Although Narrative of the Life of Frederick Douglass is my absolute favorite, this is a more recent book by which I was significantly inspired. The book chronicles The Great Migration, when blacks migrated from the South to cities up north and out West. I was born and raised in Detroit, to which my mom's family migrated from Tennessee and my dad's family from Mississippi. So, I was personally impacted and inspired by how families, including my own, pressed out of the segregated South in search of new opportunities and a better life for their children.
The book does a wonderful job of spotlighting the personal stories of migrants and the significant (and numerous) challenges they faced.
• State Rep. Charles Blake, District 36 (D-Little Rock)
Invisible Man, Ralph Ellison
Ellison's book has been a staple on my desk, and a constant reminder of why I have to continue to fight for my community every day. The story the narrator tells is similar to that of many black people in America: a story about the struggle with racism, individual identity and acceptance. The narrator realizes that the prejudice of others causes the world to see him only as they want to see him, and this causes limitations in his ability to grow.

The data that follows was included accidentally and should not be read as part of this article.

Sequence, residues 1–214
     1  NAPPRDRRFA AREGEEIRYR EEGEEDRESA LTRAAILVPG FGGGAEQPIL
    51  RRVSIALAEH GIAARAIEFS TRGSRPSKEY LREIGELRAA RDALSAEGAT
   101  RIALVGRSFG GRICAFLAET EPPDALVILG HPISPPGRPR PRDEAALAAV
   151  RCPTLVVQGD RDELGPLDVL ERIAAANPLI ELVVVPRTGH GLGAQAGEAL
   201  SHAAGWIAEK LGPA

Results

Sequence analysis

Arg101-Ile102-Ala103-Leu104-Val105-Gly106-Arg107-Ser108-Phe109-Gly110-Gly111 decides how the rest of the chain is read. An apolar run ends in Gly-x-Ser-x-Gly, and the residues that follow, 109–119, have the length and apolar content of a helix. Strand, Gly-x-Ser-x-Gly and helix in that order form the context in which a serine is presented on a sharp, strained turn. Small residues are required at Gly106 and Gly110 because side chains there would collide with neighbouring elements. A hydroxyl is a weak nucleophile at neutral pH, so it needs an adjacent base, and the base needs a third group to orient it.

Ellison's book challenges us all to force others to see us (acknowledge us) by staying true to ourselves, by accepting our unique identities and by making positive and proactive contributions to society. It's difficult, but we have to Stay True, Stay "Woke" (aware) and Stay Seen.
• Linda Rowe Thomas, fashion designer
Vintage Black Glamour, Nichelle Gainer
I've always been drawn to a diverse genre of books. I've engrossed myself in everything from the thought-provoking, to the informative, to those books that just simply entertained or left a lasting impression. I delight in finding a hidden treasure in the most unexpected places. Gainer's book continues to inspire my creative side. She has composed a brilliant depiction of style over the years via a cast of some of the most intriguing African-American women and the stories behind them.
I found this book to be perfect for the fashionista. However, there's something for everyone within the pages -- empowering, motivating stories of ordinary women rising above adversity, magnifying their gifts and contributing to their communities while gracing us with their remarkable style.
• Dushun Scarbrough, executive director, Arkansas Martin Luther King Jr. Commission
Parting the Waters: America in the King Years 1954-63, Taylor Branch
I highly recommend this important and necessary historical account of the American civil rights movement and the life of Dr. Martin Luther King Jr. Parting the Waters is the first of a three-volume history of the civil rights movement in the United States. Oftentimes, we hear about Dr. King in terms of speeches or marches, but it's another thing to read about what made him the man we celebrate today. Branch traces Dr. King's life from birth to young adulthood and invites us to follow him through some of his darker moments, which produced his greatest speeches and writings such as the "Letter From a Birmingham Jail."